Some of these demands are clearly beyond the capacity of individuals and demand the involvement of government. The common good is, after all, the purpose of government. It must create an environment in which individuals and groups working toward the common good may pursue their goals unhindered. Furthermore, it must harmonize disparate interests so that the collective efforts works for the good of all, including those of racial, political, religious, etc., minorities.

The common good, however, is a penultimate good:
The common good of society is not an end in itself; it has value only in reference to attaining the ultimate ends of the person and the universal common good of the whole of creation. God is the ultimate end of his creatures and for no reason may the common good be deprived of its transcendent dimension, which moves beyond the historical dimension while at the same time fulfilling it. This perspective reaches its fullness by virtue of faith in Jesus' Passover, which sheds clear light on the attainment of humanity's true common good. Our history — the personal and collective effort to elevate the human condition — begins and ends in Jesus: thanks to him, by means of him and in light of him every reality, including human society, can be brought to its Supreme Good, to its fulfilment. A purely historical and materialistic vision would end up transforming the common good into a simple socioeconomic well-being, without any transcendental goal, that is, without its most intimate reason for existing. (section 170)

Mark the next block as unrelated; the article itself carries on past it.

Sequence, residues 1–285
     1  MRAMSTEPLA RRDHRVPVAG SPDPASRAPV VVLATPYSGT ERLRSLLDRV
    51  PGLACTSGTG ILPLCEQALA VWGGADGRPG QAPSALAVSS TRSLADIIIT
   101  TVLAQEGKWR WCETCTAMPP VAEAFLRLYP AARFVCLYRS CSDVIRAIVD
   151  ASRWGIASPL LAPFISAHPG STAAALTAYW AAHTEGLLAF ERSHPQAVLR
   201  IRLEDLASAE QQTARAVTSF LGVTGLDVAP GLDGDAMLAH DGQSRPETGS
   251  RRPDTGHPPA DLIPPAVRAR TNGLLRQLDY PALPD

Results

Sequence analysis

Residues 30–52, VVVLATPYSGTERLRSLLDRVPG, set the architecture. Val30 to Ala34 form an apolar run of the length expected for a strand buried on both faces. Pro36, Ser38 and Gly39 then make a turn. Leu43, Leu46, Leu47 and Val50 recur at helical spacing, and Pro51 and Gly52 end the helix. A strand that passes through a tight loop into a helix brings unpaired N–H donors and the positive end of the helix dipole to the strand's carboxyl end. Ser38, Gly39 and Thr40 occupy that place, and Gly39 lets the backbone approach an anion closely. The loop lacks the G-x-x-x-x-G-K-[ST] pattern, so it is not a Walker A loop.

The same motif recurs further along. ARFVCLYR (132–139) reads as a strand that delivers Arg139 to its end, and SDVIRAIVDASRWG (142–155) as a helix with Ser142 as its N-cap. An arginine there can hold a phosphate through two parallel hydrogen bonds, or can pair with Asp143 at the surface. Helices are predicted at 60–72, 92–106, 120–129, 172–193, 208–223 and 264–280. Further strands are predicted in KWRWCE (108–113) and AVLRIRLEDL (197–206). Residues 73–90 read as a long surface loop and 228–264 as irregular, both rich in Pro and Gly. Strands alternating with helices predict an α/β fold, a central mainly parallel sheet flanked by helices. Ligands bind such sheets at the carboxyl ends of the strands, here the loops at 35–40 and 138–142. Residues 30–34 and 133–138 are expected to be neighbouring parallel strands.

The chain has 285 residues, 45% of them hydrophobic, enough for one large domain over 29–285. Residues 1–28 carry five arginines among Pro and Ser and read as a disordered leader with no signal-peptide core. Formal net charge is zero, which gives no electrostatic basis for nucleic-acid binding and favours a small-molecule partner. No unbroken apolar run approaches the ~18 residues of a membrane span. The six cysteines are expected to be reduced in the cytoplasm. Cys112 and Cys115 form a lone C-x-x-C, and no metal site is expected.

Links:
Compendium of the Social Doctrine of the Church

Tuesday, August 3, 2010

Principles of Catholic Social Teaching: On the Human Person

This will be the first in a series of posts on Catholic social teaching as expressed in the Compendium of the Social Doctrine of the Church. First we will look at the teaching on the human person.
The Church sees in men and women, in every person, the living image of God himself. This image finds, and must always find anew, an ever deeper and fuller unfolding of itself in the mystery of Christ, the Perfect Image of God, the One who reveals God to man and man to himself. (Section 105)
Jesus perfectly expressed the image of God that was given to humanity in the beginning. In the Incarnation God joined himself to humanity in a unique way - not only by taking on human nature but also by dying on behalf of humanity. This bestows on every human person a dignity that demands recognition.